Filing 162

ORDER ADOPTING 154 Report and Recommendations; GRANTING in part and DENYING in part 107 Motion for Summary Judgment; DENYING 134 and 135 Motions for injunctive relief; DENYING 139 Motion to Amend/Correct; DENYING 155 Motion for Extension of Time to Amend. Ordered by US DISTRICT JUDGE MARC THOMAS TREADWELL on 9/21/2016. (tlh)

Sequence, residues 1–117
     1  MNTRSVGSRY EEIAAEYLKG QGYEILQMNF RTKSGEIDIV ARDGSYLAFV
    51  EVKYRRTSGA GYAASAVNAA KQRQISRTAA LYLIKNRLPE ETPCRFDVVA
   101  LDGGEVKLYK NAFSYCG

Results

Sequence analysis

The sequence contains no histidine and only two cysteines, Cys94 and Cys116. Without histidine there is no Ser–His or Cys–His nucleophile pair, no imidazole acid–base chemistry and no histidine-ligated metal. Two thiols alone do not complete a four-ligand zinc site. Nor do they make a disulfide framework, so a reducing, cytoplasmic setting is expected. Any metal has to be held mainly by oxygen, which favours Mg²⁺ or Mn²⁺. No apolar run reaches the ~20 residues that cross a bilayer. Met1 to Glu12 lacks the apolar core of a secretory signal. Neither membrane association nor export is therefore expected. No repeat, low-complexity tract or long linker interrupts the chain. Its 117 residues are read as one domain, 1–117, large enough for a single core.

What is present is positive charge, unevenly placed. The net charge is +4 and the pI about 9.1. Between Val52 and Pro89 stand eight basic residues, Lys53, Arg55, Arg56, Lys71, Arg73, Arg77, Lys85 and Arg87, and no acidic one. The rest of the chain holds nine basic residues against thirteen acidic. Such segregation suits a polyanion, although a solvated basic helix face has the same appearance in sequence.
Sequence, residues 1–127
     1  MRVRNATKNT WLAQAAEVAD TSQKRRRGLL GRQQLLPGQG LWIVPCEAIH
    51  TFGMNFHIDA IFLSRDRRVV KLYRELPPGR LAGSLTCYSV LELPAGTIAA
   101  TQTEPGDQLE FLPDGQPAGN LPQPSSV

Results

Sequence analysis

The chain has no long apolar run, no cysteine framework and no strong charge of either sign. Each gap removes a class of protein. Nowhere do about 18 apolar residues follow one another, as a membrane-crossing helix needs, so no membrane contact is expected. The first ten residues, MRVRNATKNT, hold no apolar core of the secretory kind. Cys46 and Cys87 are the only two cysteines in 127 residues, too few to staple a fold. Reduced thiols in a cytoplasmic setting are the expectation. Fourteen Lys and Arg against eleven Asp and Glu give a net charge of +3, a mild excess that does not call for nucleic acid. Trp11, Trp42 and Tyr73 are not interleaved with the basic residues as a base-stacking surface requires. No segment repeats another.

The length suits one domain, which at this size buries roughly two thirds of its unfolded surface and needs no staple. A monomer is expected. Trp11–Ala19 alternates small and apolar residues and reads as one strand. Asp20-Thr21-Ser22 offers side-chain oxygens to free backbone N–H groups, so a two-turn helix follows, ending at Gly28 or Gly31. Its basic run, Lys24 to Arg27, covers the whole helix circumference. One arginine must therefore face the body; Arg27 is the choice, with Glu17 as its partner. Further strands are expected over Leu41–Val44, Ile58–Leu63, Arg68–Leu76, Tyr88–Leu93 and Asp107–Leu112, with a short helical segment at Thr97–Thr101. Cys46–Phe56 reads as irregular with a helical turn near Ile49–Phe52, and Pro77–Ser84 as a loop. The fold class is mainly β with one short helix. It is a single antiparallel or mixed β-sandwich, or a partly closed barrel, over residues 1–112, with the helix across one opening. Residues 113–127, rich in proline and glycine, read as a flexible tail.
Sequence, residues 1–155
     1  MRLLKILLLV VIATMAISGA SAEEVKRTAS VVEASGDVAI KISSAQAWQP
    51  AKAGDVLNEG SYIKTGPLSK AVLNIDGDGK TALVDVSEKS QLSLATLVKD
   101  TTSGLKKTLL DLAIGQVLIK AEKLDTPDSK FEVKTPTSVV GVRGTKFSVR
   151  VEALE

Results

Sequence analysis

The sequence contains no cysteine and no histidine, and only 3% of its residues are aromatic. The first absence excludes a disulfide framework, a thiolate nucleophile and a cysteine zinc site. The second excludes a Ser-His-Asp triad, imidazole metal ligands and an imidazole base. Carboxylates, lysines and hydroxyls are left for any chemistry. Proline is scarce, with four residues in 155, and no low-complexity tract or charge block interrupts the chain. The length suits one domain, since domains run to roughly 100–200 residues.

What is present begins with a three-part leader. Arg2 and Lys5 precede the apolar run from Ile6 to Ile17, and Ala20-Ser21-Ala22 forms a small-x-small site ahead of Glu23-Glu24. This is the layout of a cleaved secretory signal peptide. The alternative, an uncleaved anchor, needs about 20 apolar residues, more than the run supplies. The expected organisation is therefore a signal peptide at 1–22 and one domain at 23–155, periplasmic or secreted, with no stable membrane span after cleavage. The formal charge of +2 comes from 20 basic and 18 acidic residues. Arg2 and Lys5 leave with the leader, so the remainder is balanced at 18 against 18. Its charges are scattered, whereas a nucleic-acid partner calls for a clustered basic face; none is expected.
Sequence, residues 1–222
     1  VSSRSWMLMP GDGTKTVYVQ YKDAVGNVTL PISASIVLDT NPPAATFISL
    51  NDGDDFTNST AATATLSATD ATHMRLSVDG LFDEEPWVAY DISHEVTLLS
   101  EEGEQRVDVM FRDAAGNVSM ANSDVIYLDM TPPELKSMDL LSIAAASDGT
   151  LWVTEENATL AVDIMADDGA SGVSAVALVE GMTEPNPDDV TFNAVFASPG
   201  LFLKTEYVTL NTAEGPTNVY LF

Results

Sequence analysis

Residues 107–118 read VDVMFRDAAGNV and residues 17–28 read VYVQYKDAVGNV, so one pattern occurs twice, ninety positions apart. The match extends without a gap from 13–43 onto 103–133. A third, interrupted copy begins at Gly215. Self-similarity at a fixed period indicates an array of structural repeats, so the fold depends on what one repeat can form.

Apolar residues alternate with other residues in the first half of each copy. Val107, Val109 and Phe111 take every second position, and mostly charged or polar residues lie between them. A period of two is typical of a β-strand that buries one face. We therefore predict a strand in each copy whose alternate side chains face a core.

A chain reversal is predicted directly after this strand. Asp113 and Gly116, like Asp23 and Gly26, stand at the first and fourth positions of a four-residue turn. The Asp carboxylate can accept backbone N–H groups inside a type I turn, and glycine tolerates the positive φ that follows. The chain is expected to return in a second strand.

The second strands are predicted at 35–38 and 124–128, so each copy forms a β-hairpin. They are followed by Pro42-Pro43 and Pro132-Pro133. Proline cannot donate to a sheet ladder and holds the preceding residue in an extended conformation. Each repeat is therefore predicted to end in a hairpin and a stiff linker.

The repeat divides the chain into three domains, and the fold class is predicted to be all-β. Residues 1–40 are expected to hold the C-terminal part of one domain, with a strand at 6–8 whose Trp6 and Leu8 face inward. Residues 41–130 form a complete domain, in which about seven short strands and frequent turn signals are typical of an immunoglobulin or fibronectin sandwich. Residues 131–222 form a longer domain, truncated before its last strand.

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IN THE UNITED STATES DISTRICT COURT MIDDLE DISTRICT OF GEORGIA MACON DIVISION KEVIN WEST, Plaintiff, v. Sergeant TEMPLE, et al., Defendants. ) ) ) ) ) ) ) ) ) ) ) CIVIL ACTION NO. 5:14-CV-86(MTT) ORDER This matter is before the Court on United States Magistrate Judge Stephen Hyles’s Order and Report and Recommendation. (Doc. 154). The Magistrate Judge denied the pro se Plaintiff’s motion to strike (Doc. 153) and motions for discovery (Docs. 120; 121; 127; 128; 130). The Magistrate Judge recommends denying the Plaintiff’s motion to amend (Doc. 139) and motions for injunctive relief (Docs. 134; 135). The Magistrate Judge also recommends denying the Defendants’ motion for summary judgment (Doc. 107) but limiting the Plaintiff’s possible recovery to nominal damages. The Plaintiff objected to the Recommendation limiting recovery to nominal damages. (Doc. 159).1 The Defendants did not object. Pursuant to 28 U.S.C. § 636(b)(1), the Court has considered the Plaintiff’s objection and made a de novo determination of the portions of the Recommendation to which he objects. The Recommendation is                                                                1 The Defendants responded to the Plaintiff’s objection 20 days after the Plaintiff filed. (Doc. 161). The Court notes that the response appears to fall outside of the 15-day window for objections and responses and is therefore untimely. However, the Court’s reasoning remains unchanged whether or not the Defendants’ response is considered. ADOPTED and made the Order of this Court. Accordingly, the Plaintiff’s motion to amend and motions for injunctive relief are DENIED. The Defendants’ motion for summary judgment is DENIED IN PART and GRANTED IN PART, and the Plaintiff may proceed with his Eighth Amendment claim but may only recover nominal damages. Further, as discussed below, the Plaintiff’s motion for reconsideration (Doc. 159) is DENIED, and the Plaintiff’s motion to amend (Doc. 155) is also DENIED. I. PLAINTIFF’S MOTION FOR RECONSIDERATION In addition to objecting to the Recommendation, the Plaintiff also objected to the Magistrate Judge’s Order denying the Plaintiff’s discovery motions. (Doc. 159). The Court construes the objection to the discovery motions as a motion for reconsideration.2 Pursuant to Local Rule 7.6, “Motions for Reconsideration shall not be filed as a matter of routine practice.” M.D. Ga. L.R. 7.6. “Reconsideration is appropriate only if the movant demonstrates (1) that there has been an intervening change in the law, (2) that new evidence has been discovered which was not previously available to the parties in the exercise of due diligence, or (3) that the court made a clear error of law.” Bingham v. Nelson, 2010 WL 339806, at *1 (M.D. Ga.) (internal quotation marks and citation omitted). “In order to demonstrate clear error, the party moving for reconsideration must do more than simply restate his prior arguments, and any arguments which the party inadvertently failed to raise earlier are deemed waived.” McCoy v. Macon Water Auth., 966 F. Supp. 1209, 1223 (M.D. Ga. 1997).                                                                2 The Plaintiff only specifically named the motion for subpoena (Doc. 130) in his objection. (Doc. 159, at 2). However, the Plaintiff wrote this under the heading “Motions for Discovery,” and he referenced “fil[ing] numerous motions for ‘Depositions.’” Id. Therefore, the Court construes the Plaintiff’s objection to apply to all of the discovery motions (Docs. 120; 121; 127; 128; 130), and the Court reviews the Magistrate Judge’s Order accordingly. -2- The Magistrate Judge concluded that each of the Plaintiff’s discovery motions either (1) was mooted or (2) requested relief beyond the power of the Court to provide. (Doc. 154, at 2–5). Plaintiff does not identify any intervening change in the law, new evidence not previously available to the parties, or clear error of law.3 Therefore, the Plaintiff has failed to demonstrate circumstances sufficient to merit reconsideration. II. PLAINTIFF’S MOTION TO AMEND The Plaintiff also moved to amend his complaint in a separate motion. (Doc. 155). In this new motion, the Plaintiff alleged a First Amendment claim against Defendant Derrick Temple and professed to have an unspecified “exhibit which would support his claims.” Id. at 1. Prior to this latest motion, the Plaintiff had attempted to amend his complaint five times, and the Magistrate Judge addressed the Plaintiff’s fifth attempt (Doc. 139) in his Recommendation. (Doc. 154, at 6). The Magistrate Judge recommended, as we adopt in this Order, denying the Plaintiff’s fifth request to amend. Id. Similar reasons compel the Court to deny the Plaintiff’s sixth attempt, as well. “Although leave to amend shall be freely given when justice so requires, a motion to amend may be denied on numerous grounds such as undue delay, undue prejudice to the defendants, and futility of the amendment.” Mann v. Palmer, 713 F.3d 1306, 1316 (11th Cir. 2015) (citation omitted). The Plaintiff describes no previously unknown facts to support his new claim. See Campbell v. Emory Clinic, 166 F.3d 1157, 1162 (11th Cir. 2015) (finding a trial court did not abuse its discretion when the trial court denied motions to amend based on facts available at the time the original complaints were                                                                3 The Plaintiff appears to have omitted a page pertaining to the motions for discovery in his handwritten objection. See id. at 2–3 (proceeding directly from “Page 2 of 9” to “Page 4 of 9”). However, nothing in the record suggests that the Plaintiff could have demonstrated any of the circumstances Bingham articulates as justifying reconsideration.  -3- filed). Further, the Plaintiff alleged a new theory of recovery. See Tampa Bay Water v. HDR Eng’g, Inc., 731 F.3d 1171, 1186 (11th Cir. 2015) (“[P]rejudice is especially likely to exist if the amendment involves new theories of recovery or would require additional discovery.”) (internal quotation marks and citation omitted). The Plaintiff did not justify or explain his delay in making a new claim. The Plaintiff’s new motion to amend should therefore be denied on the grounds of undue delay and undue prejudice to the Defendants. III. CONCLUSION For the reasons discussed above, the Court ADOPTS the Magistrate Judge’s Recommendation and makes the Recommendation the Order of this Court. The Plaintiff’s motion to amend (Doc. 139) and motions for injunctive relief (Docs. 134; 135) are DENIED. The Defendants’ motion for summary judgment (Doc. 107) is GRANTED IN PART and DENIED IN PART, and the Plaintiff may proceed with his Eighth Amendment claim but may recover only nominal damages. Further, the Plaintiff’s motion for reconsideration (Doc. 159) is DENIED, and the Plaintiff’s motion to amend (Doc. 155) is DENIED. SO ORDERED, this 21st day of September, 2016. S/ Marc T. Treadwell MARC T. TREADWELL, JUDGE UNITED STATES DISTRICT COURT -4-